I think there are some Christians, in the ultra-conservative camp, who have an angst, an unspecified fear, of art. Emotions, after all, aren’t easily constrained, and if art does anything at all, it elicits an emotional response. An experience with something of beauty might feed my desire; desire awakened could arouse my passion—and that can’t be good! Furthermore when God was setting down his commands, “no graven images” made the Big Ten of things to avoid. It’s more likely, though, that the anxiety around art in general and specifically the visual arts in worship is a reaction to the sensual nature of Roman Catholic worship.
With nothing against the convictions or morals of the movement of English protestants known as the puritans, “puritan” and “puritanical” in modern language has come to mean (unfairly) against pleasure—a label assigned by the world to some of us conservatives. It is a twist of the enemy. Satan wants us to believe that God is stoic, austere, against pleasure—that desire, pleasure, and the sensual are part of the enemy’s worldly assets. But it is God who is the creator; He made the world and filled it with beauty, with wonder, with intricacy. Creation, God’s work, delights the senses and is a form of visual art; it can draw us to God. As Paul puts it “For since the creation of the world God’s invisible qualities—his eternal power and divine nature—have been clearly seen, being understood from what has been made, so that people are without excuse.”
Theologian William Dryness argues for an understanding of art that draws us into transcendence. He writes “All great art is often symbolic in this sense; it opens up window to the transcendent dimension of life and calls for a response to this dimension.” In the presence of fine art we become aware that there is something more then the natural world, there is something nobler, or something evil. Again he writes, “We live in a world that invariably reflects God’s values and even features echo of his presence. People may miss the significance of these echoes, but as long as they are human they cannot miss the values embedded in creation.”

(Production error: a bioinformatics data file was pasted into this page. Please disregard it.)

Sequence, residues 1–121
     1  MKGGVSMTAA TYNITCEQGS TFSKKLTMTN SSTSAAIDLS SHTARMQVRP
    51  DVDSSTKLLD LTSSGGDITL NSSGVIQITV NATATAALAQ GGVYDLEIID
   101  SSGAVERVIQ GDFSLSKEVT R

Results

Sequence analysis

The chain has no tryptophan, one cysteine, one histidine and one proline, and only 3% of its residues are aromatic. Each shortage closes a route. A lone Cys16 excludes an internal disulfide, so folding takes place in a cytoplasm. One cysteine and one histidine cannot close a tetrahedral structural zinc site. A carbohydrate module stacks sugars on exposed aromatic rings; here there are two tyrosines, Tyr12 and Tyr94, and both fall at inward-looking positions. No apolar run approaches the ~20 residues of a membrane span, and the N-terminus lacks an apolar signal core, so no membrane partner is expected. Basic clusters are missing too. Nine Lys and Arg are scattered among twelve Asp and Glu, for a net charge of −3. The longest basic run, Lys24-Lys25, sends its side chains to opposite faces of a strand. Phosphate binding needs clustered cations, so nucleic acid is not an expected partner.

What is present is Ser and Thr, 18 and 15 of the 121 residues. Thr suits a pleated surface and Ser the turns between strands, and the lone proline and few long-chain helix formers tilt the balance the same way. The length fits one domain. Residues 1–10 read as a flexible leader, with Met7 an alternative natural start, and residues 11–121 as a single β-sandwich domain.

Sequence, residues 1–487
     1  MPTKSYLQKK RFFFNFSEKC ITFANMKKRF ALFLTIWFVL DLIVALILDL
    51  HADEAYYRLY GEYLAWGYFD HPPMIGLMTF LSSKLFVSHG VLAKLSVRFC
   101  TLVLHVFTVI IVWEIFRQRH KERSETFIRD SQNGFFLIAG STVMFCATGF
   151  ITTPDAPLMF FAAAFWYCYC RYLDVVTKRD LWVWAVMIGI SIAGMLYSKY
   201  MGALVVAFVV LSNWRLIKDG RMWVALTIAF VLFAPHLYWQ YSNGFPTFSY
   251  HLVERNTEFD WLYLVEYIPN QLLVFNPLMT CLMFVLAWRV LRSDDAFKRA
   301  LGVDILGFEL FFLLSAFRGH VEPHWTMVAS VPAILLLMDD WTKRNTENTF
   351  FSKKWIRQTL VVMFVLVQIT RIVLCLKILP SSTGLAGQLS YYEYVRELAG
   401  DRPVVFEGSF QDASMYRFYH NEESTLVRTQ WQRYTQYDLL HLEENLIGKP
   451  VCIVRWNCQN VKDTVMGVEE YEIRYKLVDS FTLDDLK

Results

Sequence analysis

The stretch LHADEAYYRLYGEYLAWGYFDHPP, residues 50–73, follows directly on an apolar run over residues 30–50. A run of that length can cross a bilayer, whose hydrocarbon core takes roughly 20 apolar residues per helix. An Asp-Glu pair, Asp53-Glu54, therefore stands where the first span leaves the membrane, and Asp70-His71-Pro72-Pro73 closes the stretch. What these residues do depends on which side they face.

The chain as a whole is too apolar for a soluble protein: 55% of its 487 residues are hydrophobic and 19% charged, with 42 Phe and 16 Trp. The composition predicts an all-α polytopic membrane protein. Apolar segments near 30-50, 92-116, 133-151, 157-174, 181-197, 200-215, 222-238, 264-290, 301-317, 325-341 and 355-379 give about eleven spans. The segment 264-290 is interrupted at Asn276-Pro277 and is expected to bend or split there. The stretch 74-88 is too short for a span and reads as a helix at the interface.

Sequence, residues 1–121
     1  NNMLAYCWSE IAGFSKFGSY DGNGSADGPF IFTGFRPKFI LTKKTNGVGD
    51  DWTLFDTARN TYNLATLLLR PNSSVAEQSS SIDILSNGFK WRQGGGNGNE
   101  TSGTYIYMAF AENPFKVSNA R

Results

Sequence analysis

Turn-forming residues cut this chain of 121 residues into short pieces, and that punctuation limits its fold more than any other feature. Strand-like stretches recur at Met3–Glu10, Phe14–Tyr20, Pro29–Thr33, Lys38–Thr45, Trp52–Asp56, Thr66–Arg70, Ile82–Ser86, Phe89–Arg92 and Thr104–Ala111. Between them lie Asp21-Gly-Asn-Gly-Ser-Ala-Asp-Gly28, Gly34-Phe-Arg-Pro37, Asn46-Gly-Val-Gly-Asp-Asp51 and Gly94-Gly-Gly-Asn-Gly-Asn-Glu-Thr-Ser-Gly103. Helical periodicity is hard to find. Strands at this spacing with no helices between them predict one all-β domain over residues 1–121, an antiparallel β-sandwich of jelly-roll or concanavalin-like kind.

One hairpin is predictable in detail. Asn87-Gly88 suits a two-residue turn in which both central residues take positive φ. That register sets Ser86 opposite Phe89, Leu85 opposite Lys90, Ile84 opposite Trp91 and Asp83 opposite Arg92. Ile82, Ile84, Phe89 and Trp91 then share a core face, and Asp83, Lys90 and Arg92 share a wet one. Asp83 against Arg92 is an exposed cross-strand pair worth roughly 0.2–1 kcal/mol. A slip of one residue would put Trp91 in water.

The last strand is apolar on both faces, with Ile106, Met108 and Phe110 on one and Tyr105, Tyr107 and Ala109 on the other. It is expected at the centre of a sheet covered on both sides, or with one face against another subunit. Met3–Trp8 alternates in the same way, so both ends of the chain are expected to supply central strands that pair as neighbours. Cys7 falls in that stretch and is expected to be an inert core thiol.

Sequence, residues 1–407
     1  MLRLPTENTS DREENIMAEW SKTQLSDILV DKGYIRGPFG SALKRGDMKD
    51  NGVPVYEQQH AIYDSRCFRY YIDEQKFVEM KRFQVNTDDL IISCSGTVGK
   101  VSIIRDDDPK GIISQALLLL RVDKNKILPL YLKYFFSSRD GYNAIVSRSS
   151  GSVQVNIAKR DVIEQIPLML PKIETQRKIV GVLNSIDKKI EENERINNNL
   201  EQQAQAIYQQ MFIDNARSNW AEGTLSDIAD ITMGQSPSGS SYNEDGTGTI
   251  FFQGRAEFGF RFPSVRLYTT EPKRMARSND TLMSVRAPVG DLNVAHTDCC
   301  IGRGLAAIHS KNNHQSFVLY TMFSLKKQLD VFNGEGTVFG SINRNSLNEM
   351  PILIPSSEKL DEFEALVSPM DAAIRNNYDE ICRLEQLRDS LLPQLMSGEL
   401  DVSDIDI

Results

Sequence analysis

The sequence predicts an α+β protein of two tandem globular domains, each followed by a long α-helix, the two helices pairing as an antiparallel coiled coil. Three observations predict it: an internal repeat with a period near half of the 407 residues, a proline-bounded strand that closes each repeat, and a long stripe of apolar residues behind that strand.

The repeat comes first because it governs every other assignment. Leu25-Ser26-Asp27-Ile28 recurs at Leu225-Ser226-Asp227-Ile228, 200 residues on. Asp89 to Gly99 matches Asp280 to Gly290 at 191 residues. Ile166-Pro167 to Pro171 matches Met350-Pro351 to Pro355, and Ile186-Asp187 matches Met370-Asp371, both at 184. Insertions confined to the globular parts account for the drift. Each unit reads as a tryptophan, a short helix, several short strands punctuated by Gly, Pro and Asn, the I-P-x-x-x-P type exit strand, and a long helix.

Dryness argues that through the sensual nature of art our longings are stirred and we recognize they are not fulfilled, that there is something more. The artist, then, Christ-follower or not, has a special mission: “to call the world to a kind of rest or remind it of its restlessness.” Artists may intuitively perceive the spiritual reality and be able to reflect that dimension; this can provide an indirect (and perhaps unintentional) witness.
I think many of my conservative friends are going to continue to be anxious about art as long as they are misunderstanding the virtue of desire, longing, passion and sensuality. We can’t be against those things—they were God’s ideas, and he created our five senses to enjoy this world. By awakening our passions or stirring our longings, Art or beauty can be a prophetic witness that convicts us, or at least reminds us, of what we are created for. C.S. Lewis put it this way “Our Lord finds our desires, not too strong but too weak… We are far too easily pleased.” In the same sermon Lewis goes on to argue that the places in which we find beauty—such as in books or music—is where we thought beauty was located, but that’s a danger. If we trust them they will betray us because beauty was not in them but only came through them. And what truly came through them was longing. These things—beauty, the memory of our own past—are good images of what we really desire.  Lewis is arguing that beauty stirs our longings, memory stokes our passions, and both can bring us to experience God. Not if we put our trust, our affections, our passion in the object—perhaps a memory, a song, a piece of art—that’s idolatry. It is when the object is used as a conduit for worship that it is serving its highest and its intended purpose. So maybe the sensual worship of the Roman Catholics isn’t all bad?
 Romans 1:20 NIV
 William A. Dyrness, Visual Faith: Art, Theology, and Worship in Dialogue (Grand Rapids, MI: Baker Academic, 2001), 84.
 Ibid., 85.
 Ibid., 101.
 C.S. Lewis, “The Weight of Glory” (sermon, Church of St. Mary the Virgin, Oxford, England, June, 8, 1942),